"Enter the media. More than ever before, youth are now exposed to the potpourri of fads, fashions, and styles of living that have been adopted all over the world. A century ago, most young people saw with their own eyes the clothing, the houses, the media of their neighborhood, or possibly their nation — and nothing more. Their aesthetic sensibility was necessarily circumscribed and typically parochial. Nowadays, thanks to television, movies, and the web, billions of young people see for themselves and on their own the aesthetics of many other cultures. Watching MTV or surfing YouTube, they become aware of the numerous ways in which individuals can decorate themselves or one another, express themselves in line, color, story, or song; they are exposed, sometimes on an hourly basis, to the diverse aesthetics of a 'Silk Road' world. Indeed, the digital media present more options, more quickly, and in more ways than ever before. Canons of beauty, and of the arts more broadly, are destined to keep changing, and young persons can participate in bringing about these changes; no one — not biologist, not economist, not psychologist — can predict with any precision the ways in which they will change. Nor should we: When it comes to beauty, or to the arts, more generally, let innumerable flowers bloom, let ten thousand tastes emerge.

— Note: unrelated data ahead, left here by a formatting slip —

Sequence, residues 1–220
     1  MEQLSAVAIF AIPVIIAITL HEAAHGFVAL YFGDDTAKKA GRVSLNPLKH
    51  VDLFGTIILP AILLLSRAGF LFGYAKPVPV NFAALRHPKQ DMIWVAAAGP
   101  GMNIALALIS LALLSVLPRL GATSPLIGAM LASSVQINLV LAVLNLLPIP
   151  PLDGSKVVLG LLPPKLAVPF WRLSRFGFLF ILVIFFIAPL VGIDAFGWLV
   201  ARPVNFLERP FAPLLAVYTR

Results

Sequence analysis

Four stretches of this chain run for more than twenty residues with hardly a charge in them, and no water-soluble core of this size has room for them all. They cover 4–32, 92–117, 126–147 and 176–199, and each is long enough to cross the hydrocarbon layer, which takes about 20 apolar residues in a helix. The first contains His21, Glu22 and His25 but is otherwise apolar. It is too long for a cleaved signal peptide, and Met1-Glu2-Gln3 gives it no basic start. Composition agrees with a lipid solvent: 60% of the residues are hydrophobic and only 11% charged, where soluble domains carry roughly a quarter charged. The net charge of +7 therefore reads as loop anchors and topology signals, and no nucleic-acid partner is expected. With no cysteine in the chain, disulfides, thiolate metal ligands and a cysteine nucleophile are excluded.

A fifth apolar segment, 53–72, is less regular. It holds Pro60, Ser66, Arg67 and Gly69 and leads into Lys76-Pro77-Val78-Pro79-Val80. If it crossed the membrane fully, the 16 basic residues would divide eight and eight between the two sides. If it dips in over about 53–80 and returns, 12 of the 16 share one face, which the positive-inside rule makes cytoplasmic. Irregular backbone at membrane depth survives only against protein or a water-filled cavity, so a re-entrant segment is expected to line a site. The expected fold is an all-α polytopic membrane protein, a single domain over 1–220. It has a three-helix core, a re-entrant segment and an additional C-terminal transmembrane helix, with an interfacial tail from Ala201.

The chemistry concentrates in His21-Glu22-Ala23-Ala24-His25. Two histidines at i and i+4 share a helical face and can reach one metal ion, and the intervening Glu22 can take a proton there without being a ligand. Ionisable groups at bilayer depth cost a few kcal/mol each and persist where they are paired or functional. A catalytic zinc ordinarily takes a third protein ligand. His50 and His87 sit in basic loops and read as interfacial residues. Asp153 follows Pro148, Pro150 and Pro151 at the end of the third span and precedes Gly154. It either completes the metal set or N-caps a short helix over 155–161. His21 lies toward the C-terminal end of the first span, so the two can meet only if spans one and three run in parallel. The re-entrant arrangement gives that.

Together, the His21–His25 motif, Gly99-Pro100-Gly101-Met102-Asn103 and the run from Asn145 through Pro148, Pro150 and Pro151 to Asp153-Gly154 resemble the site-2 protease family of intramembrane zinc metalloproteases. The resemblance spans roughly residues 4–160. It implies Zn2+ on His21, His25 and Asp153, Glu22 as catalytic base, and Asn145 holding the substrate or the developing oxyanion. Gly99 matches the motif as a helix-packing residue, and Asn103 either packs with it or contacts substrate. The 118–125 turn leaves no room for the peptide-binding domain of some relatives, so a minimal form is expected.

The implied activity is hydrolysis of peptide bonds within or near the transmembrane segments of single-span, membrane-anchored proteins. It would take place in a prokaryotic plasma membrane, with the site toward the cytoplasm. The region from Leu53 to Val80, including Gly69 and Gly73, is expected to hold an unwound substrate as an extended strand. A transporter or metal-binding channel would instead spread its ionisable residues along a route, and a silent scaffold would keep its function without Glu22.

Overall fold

"At this historical moment, the reluctance to pass judgment, characteristic of postmodernism, joins forces with the instant digital accessibility of the global artistic landscape. And so there is a welcome opportunity to broaden the artistic horizons of young persons and to help them develop their own increasingly individualized senses of beauty.
"Let me introduce an idea that I find promising. Youth should be encouraged to keep a portfolio of artistic preferences. While such a portfolio could be kept in one's mind, it is far preferable for the portfolio to exist in tangible form: either through the collection of physical artifacts or, as a sign of the times, by means of digital files. Young people should be encouraged to place in that portfolio any artistic objects or experiences — made by famous artists, unknown artists, friends, or themselves — that they feel is worth preserving. In addition, they should be encouraged to record their own thoughts: what they like, what they value, and why. And they should pay special attention to changes of heart over time — what they no longer value as much, what they have come to value anew, and why.
"Ideally, the artistic portfolio should be shared with others — family, friends, and, when possible, adults knowledgeable in the arts. Teachers of the arts not only provide a useful sounding board; they may also be able to call attention to features that are less obvious to the youth. In this way, young persons will begin to solidify their own artistic identities, their own individualized senses of beauty. And consistent with the notion of identity as formulated by psychologists, this identity is defined in part by the way that the adolescent is (or is not) received within the broader community."